Cobbler’s children go barefoot, tax lawyer’s income goes unreported.

January 18th, 2013 by Joe Kristan
Flickr image courtesy Lara604 under Creative Commons license.

Flickr image courtesy Lara604 under Creative Commons license.

Judges are often hard on tax pros who get in trouble.  They seem to think practitioners should know better than to underreport income or fudge deductions.  That led to a bad result for California attorney Owen Fiore in Tax Court yesterday.

Mr. Fiore apparently was the model of a rainmaking partner.  Unfortunately, he failed to delegate other duties, according to Judge Holmes:

His sophistication did not extend to his management of the firm’s finances. Fiore came to rely on a three-checkbook method of accounting — one for the general account, one for the client trust fund, and one for minor expenses such as filing fees. The preponderant flow of dollars was thus through the general account. Client billings went into the general account; payroll, office rent, and the firm’s other expenses came out of that account. Fiore even handled payroll in a way that would have been familiar to lawyers of a hundred years before — writing out checks to each associate and employee by hand on paydays. At the end of each year, he would write out a W-2 for each employee by hand.

The attorney came under financial pressure, and things at the firm got out of hand until he turned over management of the firm to a partner in mid 1999.  Unfortunately, the IRS came poking around in time to look at the pre-transition returns.  After Mr. Fiore ignored one too many requests for a meeting, the examiner turned the case over to the Criminal Division.

Special Agent Lisa Sasso took over the investigation. She started by requesting copies of Fiore’s 1996 and 1997 tax returns from IRS Service Center — but they were missing the Schedules C. Unlike the civil agents, Sasso didn’t ask for meetings — she just showed up unannounced at Fiore’s office in March 2002. She read Fiore his rights and asked him questions about his billing procedures, books and records,  and business expenses. After her initial visit, she requested documents  for the 1996 and 1997 tax years. Fiore sent her some documentation, but  didn’t cough up any work papers to tie his information to his return.  So Sasso sent a summons to Fiore’s bank and then she did a bank-deposits analysis for 1996 and 1997.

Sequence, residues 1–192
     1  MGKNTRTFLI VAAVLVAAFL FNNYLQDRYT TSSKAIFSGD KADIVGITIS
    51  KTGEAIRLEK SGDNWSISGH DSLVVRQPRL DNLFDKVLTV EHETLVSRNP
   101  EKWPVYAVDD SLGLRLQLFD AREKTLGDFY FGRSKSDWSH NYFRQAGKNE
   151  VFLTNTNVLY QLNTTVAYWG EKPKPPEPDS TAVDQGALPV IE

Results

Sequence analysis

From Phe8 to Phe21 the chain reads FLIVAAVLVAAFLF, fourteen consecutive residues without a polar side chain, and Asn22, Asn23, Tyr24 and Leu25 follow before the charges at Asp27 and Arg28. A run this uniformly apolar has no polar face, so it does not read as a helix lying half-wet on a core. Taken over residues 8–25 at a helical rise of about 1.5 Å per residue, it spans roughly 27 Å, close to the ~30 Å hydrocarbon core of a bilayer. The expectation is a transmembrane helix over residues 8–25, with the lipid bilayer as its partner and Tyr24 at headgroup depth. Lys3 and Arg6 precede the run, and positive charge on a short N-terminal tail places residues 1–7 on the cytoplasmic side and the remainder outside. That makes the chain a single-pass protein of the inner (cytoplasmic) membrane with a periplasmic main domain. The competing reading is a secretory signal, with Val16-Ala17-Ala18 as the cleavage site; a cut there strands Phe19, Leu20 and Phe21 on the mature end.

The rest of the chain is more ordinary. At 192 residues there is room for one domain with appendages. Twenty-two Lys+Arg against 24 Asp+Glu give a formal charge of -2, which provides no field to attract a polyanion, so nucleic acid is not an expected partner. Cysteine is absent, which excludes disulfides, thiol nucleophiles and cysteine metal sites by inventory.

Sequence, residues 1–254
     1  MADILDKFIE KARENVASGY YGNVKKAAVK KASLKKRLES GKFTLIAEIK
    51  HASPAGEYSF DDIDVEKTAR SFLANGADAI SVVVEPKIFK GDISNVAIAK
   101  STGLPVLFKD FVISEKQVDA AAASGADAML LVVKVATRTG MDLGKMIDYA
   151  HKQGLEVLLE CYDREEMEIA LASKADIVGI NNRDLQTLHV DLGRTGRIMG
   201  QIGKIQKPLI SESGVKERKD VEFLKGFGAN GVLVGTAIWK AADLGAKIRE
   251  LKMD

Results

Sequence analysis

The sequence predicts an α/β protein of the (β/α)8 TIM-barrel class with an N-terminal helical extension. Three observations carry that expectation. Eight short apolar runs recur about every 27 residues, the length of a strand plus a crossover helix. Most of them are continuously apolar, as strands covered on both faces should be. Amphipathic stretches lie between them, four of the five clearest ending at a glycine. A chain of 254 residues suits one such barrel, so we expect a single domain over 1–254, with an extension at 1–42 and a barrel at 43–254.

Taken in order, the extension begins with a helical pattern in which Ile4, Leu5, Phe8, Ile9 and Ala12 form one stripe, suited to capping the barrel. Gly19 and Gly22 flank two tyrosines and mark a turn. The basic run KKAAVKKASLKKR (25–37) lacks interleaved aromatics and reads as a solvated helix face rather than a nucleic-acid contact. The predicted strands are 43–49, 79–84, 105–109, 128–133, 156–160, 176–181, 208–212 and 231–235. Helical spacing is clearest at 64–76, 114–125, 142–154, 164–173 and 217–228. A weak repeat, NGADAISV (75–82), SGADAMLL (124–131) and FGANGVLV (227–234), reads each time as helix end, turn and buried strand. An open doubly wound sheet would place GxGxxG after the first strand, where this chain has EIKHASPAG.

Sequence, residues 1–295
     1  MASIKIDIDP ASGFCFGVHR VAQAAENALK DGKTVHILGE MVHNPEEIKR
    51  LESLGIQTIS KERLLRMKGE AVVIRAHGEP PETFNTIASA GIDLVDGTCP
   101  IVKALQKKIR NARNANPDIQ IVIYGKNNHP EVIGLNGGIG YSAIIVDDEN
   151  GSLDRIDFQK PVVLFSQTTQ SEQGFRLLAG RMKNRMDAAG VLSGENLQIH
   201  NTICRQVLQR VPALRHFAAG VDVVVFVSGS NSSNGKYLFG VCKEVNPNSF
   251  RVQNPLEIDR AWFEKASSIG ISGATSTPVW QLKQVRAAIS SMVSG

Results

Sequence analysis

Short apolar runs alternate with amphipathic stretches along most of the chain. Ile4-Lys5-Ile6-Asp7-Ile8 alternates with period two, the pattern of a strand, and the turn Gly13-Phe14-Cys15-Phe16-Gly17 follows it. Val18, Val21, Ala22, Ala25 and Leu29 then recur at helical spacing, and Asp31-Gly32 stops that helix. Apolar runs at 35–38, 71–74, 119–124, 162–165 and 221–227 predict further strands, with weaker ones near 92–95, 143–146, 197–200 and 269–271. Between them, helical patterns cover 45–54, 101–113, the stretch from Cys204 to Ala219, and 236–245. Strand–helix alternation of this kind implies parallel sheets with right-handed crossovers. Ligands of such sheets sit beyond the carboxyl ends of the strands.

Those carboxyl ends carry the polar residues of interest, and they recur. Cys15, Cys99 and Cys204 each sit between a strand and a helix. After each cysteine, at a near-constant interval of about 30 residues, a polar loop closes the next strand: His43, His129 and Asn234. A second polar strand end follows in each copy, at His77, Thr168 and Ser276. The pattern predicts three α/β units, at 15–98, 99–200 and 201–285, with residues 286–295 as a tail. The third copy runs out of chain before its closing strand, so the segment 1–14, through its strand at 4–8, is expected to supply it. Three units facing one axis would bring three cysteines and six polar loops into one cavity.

Things went badly from there.  The agent detected unreported income, and Mr. Fiore was eventually pleaded guilty  and was sentenced to 18 months in federal prison for underreporting 1999 income.  He contested the IRS imposition of civil fraud penalties for 1996 and 1997.  Judge Holmes said that the cobbler should have minded his own shoes (my emphasis)

Notwithstanding his busy schedule and administrative shortcomings, he must have known that there was a very high probability that he wasn’t reporting all of his income. His educational background and work experience would alert him to the likely outcome of his haphazard income-estimation method — that he was likely failing to report substantial amounts of income. Fiore knew he was neglecting firm administration and running a high risk of not reporting taxable income.

We also find that Fiore deliberately avoided steps to confirm the possibility of unreported income. He could have easily confirmed whether his estimates of gross income were correct by checking his business-account bank statements. He also had a three-ring binder for each taxable year that included a copy of all the bills and deposit slips.

     Fiore in fact admitted to willful blindness “not for the purpose of defrauding the government, but rather, sadly, for the purpose of getting and keeping clients.” At the very least, this is an admission that he believed his time was better spent on getting clients than confirming whether he reported all his income — even when he suspected that at least some taxable income wasn’t being properly reported. We therefore find that Fiore was willfully blind, weighing in favor of finding fraud.

     And with particular weight given to this willful blindness we find that the Commissioner has met his burden of proving by clear and convincing evidence that Fiore filed fraudulent returns.

The court upheld the 75% civil fraud penalty for 1996 and 1997.

The Moral?  Sure, you’re busy.   Don’t be too busy to deal with an IRS agent; they won’t just go away if you ignore them.  And if you are too busy to take care of your tax filing requirements, you may wish you had taken the time to tend to your cobbling.

Cite: Fiore, T.C. Memo. 2013-21


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